One could do worse than write a history of the business from the pages of Billboard’s Power 100 rankings. This year the venerable music industry weekly has added thirty-nine new executives to its list, for a likely all time record. It suggests much change in the business of recorded music, live music, and music publishing.
The reasons are not hard to find. First, the current wave of technology appears to be extensive and impacts the very center of gravity of the trade — product delivery, social analytics, and talent recruitment. Second, changes in Billboard’s list reflect the magazine’s weighting system, which privileges the music intermediaries of hit artists; this year, the honor went to Adele related staffers.
But the variation in the Power 100 list would seem to point out an industry that is actively recruiting personnel for a different modus operandi and embracing its own renovation as a goal. The picture is complex because there is much continuity too among its top brass. But the most highly ranked individuals in Billboard’s list gladly share turf with its Young Turks and embrace the future both in spirit an in action, whereas the new executives do not seem to be just the result of a mad quest for hires by desperate corporations.
Universal Music Group’s Lucian Grainge’s has kept his grip on the top spot of the list, and for good reason. This year seven of the top ten selling albums were on his watch, as were are all five Grammy nominations for Album of the Year. The stunning success of Universal’s roster gave Grainge’s company a commanding forty per cent market share. Billboard also cites UMG’s investments in the future, for instance, by referencing Grainge’s presentation at the Consumer Electronics Show (CES). There, he demonstrated the value of UMG to unrelated technology, marketing, and multi-media companies. A partnership with iHeart Media to develop virtual reality content for UMG artists is also notable.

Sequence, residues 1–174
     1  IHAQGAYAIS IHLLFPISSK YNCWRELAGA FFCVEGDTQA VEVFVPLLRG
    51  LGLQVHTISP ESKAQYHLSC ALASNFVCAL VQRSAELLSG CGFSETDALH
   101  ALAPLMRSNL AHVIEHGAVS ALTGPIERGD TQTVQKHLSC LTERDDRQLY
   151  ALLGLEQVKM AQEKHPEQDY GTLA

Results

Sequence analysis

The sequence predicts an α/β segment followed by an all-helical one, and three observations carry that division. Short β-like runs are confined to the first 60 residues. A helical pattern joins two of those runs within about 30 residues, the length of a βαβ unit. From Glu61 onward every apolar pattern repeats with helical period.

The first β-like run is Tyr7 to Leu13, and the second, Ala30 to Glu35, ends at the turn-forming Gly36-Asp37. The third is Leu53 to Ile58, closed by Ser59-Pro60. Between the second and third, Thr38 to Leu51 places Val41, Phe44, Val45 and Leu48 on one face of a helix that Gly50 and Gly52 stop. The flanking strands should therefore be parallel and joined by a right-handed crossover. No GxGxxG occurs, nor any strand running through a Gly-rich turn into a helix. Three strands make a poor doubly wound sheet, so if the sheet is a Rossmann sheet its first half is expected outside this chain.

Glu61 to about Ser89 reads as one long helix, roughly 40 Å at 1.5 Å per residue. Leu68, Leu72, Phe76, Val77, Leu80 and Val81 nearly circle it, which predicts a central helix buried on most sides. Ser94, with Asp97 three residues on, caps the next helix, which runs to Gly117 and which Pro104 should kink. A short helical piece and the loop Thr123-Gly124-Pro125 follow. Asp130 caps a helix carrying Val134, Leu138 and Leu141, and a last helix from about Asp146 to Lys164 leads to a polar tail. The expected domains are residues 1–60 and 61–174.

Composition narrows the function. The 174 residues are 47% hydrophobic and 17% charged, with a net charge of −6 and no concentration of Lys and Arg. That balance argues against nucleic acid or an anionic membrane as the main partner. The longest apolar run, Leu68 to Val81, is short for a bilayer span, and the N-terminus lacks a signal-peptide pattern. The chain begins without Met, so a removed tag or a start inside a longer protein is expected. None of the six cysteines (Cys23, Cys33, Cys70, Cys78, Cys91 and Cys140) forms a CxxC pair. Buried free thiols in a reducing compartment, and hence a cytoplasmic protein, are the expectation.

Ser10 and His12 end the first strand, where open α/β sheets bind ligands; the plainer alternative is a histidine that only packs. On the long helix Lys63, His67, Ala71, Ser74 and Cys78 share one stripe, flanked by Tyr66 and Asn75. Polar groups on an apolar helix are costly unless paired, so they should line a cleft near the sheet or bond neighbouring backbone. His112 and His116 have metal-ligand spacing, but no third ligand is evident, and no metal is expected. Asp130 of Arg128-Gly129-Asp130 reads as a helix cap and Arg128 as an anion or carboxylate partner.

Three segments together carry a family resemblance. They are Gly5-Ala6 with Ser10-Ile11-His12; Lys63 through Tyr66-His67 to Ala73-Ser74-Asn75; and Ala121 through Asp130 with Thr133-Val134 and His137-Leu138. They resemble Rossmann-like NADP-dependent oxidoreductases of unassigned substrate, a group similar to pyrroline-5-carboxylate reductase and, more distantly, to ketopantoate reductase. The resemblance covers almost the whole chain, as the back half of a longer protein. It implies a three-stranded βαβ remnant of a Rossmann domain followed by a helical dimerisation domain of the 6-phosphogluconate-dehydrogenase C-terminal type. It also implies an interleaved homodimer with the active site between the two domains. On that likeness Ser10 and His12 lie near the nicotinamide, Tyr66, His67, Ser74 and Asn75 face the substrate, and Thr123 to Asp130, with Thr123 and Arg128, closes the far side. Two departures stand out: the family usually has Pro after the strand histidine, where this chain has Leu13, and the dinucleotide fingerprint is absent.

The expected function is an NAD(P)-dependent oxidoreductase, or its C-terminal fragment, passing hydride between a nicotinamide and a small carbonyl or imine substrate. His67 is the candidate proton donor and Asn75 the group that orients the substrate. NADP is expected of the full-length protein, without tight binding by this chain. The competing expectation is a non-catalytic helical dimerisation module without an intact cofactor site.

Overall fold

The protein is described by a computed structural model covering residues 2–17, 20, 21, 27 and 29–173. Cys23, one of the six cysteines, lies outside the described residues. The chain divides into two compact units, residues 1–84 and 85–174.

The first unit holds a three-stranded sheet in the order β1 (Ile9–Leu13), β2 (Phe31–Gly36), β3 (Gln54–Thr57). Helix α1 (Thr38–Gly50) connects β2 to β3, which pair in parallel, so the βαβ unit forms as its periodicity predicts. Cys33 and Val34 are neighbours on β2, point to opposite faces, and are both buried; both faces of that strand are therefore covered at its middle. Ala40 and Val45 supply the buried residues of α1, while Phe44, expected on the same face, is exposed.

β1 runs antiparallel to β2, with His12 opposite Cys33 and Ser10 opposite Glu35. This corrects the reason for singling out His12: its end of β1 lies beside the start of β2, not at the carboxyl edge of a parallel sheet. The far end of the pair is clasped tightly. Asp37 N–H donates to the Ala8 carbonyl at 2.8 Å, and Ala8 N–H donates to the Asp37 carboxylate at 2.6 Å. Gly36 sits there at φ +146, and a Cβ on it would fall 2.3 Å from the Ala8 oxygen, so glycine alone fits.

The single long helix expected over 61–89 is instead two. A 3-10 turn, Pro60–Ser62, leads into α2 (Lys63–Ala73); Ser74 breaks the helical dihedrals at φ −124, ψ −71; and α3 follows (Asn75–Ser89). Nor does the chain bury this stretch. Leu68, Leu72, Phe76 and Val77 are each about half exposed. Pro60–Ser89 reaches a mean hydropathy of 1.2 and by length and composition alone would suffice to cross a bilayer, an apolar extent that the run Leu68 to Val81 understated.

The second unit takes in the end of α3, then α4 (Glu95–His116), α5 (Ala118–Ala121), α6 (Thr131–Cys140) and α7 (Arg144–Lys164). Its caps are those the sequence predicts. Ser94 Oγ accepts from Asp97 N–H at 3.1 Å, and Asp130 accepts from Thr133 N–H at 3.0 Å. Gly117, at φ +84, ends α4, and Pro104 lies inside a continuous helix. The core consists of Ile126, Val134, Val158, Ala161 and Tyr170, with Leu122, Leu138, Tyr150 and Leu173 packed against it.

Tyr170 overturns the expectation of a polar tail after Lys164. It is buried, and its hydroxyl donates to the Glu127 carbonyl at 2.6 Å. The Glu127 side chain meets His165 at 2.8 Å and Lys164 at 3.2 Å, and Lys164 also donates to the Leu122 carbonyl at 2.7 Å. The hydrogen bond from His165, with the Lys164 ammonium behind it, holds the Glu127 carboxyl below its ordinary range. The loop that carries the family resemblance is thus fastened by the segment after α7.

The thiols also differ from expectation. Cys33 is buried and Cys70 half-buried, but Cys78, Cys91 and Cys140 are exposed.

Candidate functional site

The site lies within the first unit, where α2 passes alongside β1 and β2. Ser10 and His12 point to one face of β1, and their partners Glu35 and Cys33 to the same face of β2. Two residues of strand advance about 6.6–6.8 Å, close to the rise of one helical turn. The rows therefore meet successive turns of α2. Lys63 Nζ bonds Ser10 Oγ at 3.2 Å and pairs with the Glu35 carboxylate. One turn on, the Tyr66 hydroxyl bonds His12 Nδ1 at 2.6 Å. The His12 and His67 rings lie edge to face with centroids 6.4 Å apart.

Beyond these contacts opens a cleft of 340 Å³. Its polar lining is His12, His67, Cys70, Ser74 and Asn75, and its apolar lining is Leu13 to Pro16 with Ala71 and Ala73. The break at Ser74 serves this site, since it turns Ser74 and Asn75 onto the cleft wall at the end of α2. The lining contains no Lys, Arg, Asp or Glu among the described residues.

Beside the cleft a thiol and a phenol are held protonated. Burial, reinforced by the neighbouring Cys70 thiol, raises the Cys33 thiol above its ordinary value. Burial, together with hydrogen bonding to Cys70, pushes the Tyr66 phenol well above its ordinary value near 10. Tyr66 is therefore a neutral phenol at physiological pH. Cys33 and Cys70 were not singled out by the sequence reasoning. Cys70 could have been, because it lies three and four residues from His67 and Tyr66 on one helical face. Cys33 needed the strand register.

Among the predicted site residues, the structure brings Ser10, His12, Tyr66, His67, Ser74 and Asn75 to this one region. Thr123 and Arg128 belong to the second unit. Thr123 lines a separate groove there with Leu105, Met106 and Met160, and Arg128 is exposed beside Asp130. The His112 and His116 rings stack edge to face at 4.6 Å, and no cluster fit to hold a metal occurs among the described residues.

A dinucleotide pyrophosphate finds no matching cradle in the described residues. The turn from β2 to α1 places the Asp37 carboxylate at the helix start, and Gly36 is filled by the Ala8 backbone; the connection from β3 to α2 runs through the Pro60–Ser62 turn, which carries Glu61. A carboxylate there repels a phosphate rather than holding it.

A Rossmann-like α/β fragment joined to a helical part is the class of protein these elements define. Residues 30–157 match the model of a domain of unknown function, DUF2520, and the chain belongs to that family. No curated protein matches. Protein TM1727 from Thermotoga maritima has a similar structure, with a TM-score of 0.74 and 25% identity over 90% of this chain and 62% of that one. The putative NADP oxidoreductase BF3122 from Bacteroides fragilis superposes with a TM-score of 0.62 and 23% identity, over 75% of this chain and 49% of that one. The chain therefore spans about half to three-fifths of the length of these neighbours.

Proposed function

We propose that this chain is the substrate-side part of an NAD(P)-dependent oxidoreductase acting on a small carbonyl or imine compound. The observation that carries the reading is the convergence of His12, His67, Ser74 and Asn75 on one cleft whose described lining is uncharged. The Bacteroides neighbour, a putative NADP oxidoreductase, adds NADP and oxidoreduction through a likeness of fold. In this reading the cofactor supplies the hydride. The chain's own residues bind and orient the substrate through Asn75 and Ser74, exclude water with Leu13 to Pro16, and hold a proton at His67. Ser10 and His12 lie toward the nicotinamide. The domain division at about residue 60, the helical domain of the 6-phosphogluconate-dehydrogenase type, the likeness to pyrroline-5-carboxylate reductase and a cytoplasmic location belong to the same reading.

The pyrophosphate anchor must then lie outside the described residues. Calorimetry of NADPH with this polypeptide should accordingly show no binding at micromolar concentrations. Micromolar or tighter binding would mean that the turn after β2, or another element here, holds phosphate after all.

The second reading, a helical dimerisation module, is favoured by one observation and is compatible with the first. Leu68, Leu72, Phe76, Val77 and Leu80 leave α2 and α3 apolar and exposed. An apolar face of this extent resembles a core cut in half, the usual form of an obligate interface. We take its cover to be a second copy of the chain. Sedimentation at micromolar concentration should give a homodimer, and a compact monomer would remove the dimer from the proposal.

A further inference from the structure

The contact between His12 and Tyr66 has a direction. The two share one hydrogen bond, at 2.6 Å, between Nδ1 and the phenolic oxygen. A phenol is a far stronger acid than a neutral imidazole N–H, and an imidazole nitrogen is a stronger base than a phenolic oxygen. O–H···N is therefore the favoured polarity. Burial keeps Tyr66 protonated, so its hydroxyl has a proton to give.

Streaming is an important part of UMG’s core business and a reason for its success. Overall income was two points better in the first three-quarters of 2015, and streaming already explains half of UMG’s digital receipts. A new partnership with SoundCloud should bring in fresh money, and so will, apparently, a tribute to The Beatles at the Apollo Theatre in London. Like the Amy Winehouse biopic, other projects with films studios will continue bolstering the company’s recording assets in multimedia. As Grainge says “[As music companies] we want take advantage of the opportunities that technology and a global market give us.”1